Community agrivoltaics – A new application of social and climate justice

by | Feb 25, 2024 | Articles

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The recent demonstrations of farmers, from Poland and France to Greece, bring back to the public debate the urgent need to (re)develop our agricultural policy. From the European Common Agricultural Policy (CAP), and the imbalanced farmer-agro-industry power relations in supply chains, the issue is multifaceted. Let us focus on one aspect of it: access to cheap – and clean – energy. The dependence of agricultural production on fossil fuels (see motorization, equipment, irrigation) puts a significant burden on the budget of the farmers themselves, and also leads to revaluations (see the ‘fossilflation’ phenomenon) in the supply chain – with consumers as the ultimate ‘victims’.

Subsidies for solar projects by farmers, a policy with years of implementation in Greece and Europe, can provide an additional income stream, while at the same time significantly alleviating a farmer’s operating costs. Supporting farmers to engage in RES projects (e.g., photovoltaics or biomass) is therefore a clear win-win solution for society and the climate. But could we move the equation one step further?

Agrivoltaics: combined and more efficient use of space

Meeting national (and EU) climate targets will require massive investment in new renewable energy systems. In particular, the Revised Renewable Energy Directive provides for a significant increase in the share of renewables in the energy system, while establishing “Renewable Energy Acceleration Areas” (Article 15c). At the same time, the Nature Restoration Regulation provides for the protection and restoration of 20% of the land and seas of each Member State. As a result, the next decade will be defined by increasingly intense conflicts and disputes over the use of an otherwise finite resource: land. Research by the European Commission’s Joint Research Center has shown that if we covered 1% of Europe’s agricultural land with agrivoltaics, we could produce 1TW of energy – thus exceeding the EU targets for solar energy by 2030, without compromising agricultural production.

Widely used in countries such as France, Spain and Germany, the term “agrivoltaics” describes the combined production of energy and food on a specific plot of land. The benefits are numerous: some crops (e.g., tomatoes and potatoes) perform better in lower temperature and shade conditions, which is what the installation of elevated photovoltaic systems can provide. Transpiration from the crops meanwhile helps to reduce the temperature of the photovoltaics, thus increasing their efficiency. The panels can be moved dynamically, for example to allow rain to pass through to the ground thus watering the crops, or horizontally to reduce hail damage or to regulate the soil temperature depending on the weather. The combined use of land also benefits biodiversity.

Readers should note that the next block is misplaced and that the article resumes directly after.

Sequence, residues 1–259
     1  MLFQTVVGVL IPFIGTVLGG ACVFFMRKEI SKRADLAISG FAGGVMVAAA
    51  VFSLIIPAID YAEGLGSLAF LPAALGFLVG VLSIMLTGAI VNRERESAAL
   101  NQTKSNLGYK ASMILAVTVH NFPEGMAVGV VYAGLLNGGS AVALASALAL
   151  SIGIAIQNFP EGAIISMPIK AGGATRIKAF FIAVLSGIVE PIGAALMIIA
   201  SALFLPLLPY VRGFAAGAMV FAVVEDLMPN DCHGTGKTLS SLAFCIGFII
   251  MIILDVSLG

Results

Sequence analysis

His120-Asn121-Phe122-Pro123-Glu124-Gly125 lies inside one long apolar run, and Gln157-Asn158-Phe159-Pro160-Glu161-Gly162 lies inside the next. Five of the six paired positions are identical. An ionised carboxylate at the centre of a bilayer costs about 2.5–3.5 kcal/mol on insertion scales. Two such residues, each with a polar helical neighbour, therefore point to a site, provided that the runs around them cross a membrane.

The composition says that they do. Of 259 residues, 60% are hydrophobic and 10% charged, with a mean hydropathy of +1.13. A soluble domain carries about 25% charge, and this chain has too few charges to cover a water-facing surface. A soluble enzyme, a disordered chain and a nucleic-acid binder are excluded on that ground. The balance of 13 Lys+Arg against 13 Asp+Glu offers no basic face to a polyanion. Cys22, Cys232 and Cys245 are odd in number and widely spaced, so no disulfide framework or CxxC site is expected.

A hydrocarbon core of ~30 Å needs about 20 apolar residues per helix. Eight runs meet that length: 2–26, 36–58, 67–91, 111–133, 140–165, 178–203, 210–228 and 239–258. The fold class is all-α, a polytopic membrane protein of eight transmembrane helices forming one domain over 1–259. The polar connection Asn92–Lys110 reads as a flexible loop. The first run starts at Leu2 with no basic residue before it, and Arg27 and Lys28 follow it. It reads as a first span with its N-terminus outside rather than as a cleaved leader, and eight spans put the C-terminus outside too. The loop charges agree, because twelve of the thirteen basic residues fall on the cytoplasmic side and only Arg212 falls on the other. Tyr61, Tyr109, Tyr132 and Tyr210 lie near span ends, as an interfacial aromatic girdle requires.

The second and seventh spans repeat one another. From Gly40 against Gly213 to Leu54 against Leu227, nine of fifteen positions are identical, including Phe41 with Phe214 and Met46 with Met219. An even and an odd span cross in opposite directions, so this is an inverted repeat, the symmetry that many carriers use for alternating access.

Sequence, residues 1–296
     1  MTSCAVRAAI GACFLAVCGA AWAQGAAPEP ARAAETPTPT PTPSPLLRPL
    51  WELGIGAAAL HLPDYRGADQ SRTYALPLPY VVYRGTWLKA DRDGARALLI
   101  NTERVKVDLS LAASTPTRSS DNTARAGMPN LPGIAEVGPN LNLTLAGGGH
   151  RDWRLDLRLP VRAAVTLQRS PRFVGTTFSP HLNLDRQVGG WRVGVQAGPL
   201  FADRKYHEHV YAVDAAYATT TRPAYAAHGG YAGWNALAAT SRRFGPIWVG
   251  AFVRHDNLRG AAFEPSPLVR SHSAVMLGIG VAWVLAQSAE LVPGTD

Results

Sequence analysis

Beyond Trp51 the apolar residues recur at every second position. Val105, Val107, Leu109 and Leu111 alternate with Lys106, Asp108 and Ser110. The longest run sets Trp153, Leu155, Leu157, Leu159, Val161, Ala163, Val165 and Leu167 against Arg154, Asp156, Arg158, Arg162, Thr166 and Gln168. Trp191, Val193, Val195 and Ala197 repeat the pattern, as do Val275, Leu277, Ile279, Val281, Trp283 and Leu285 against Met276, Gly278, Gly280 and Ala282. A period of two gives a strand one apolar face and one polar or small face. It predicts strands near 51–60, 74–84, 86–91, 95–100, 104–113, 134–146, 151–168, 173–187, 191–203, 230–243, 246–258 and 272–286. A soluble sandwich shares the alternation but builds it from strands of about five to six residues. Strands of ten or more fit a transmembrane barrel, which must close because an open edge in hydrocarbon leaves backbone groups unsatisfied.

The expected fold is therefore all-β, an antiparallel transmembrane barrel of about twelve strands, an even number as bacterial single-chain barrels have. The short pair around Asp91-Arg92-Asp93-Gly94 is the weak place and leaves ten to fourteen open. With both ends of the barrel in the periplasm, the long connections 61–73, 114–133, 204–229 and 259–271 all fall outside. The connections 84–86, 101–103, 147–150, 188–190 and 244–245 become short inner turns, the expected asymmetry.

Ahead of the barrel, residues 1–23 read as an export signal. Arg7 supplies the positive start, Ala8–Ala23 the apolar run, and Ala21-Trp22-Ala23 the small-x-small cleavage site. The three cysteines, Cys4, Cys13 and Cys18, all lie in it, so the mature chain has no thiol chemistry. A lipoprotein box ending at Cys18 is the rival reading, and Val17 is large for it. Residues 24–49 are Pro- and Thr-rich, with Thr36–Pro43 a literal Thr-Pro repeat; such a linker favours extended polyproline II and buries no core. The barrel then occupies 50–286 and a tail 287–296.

Some practical applications in Greece

Two interesting initiatives come to combine technological innovation with social innovation and highlight through practical applications a new paradigm of land use, aiming at strengthening the agri-food sector and empowering local rural communities.

In Ioannina, the first urban community agrι-photovoltaic project in Greece is already being planned and a replication will follow in Skopje, North Macedonia. It is an urban vegetable garden that will be combined with the production of clean energy from special photovoltaic panels. The pilot will be coordinated by the local energy community CommonEn and the design will follow participatory procedures with the involvement of citizens and local stakeholders. The project is primarily funded by the German Federal Foundation for Environment (DBU) and co-funded by the Onassis Foundation. In parallel, the project is supported by the Municipality of Ioannina and the Solar Hub project.

The Solar Hub project is a Greek-Turkish Excellence Hub that aims to promote solar energy technologies, with a focus on agrivoltaic and solar thermal systems and their applications in the agri-food sector. The Greek ecosystem, coordinated by the Centre for Research & Technology Hellas (CERTH), promotes networking, solution development, training, and knowledge transfer activities.

A Holistic Approach

At the state level, the ongoing revision of the National Energy and Climate Plans (NECPs) across Europe, as well as the upcoming law on agri-photovoltaics (in Greece), should foresee support measures for such projects developed specifically by energy communities and other collective schemes. Promoting social and technological innovation can provide incentives, especially for young people, to return (or remain) in rural areas, thus also contributing to reversing population desertification.

CommonEn’s project in Ioannina will be small in size but large in symbolic value. It reflects the view that environmental solutions must include elements of social and economic justice – only then will they be socially accepted. Solutions and policies in the context of a holistic planning for rural development should be co-designed by farmers and local communities in the countryside themselves, and should be co-owned by them – as can be done through energy communities.

Christos Vrettos, Electra Energy, European Federation of Citizen Energy Cooperatives (

Dimitris Kitsikopoulos, Electra Energy 

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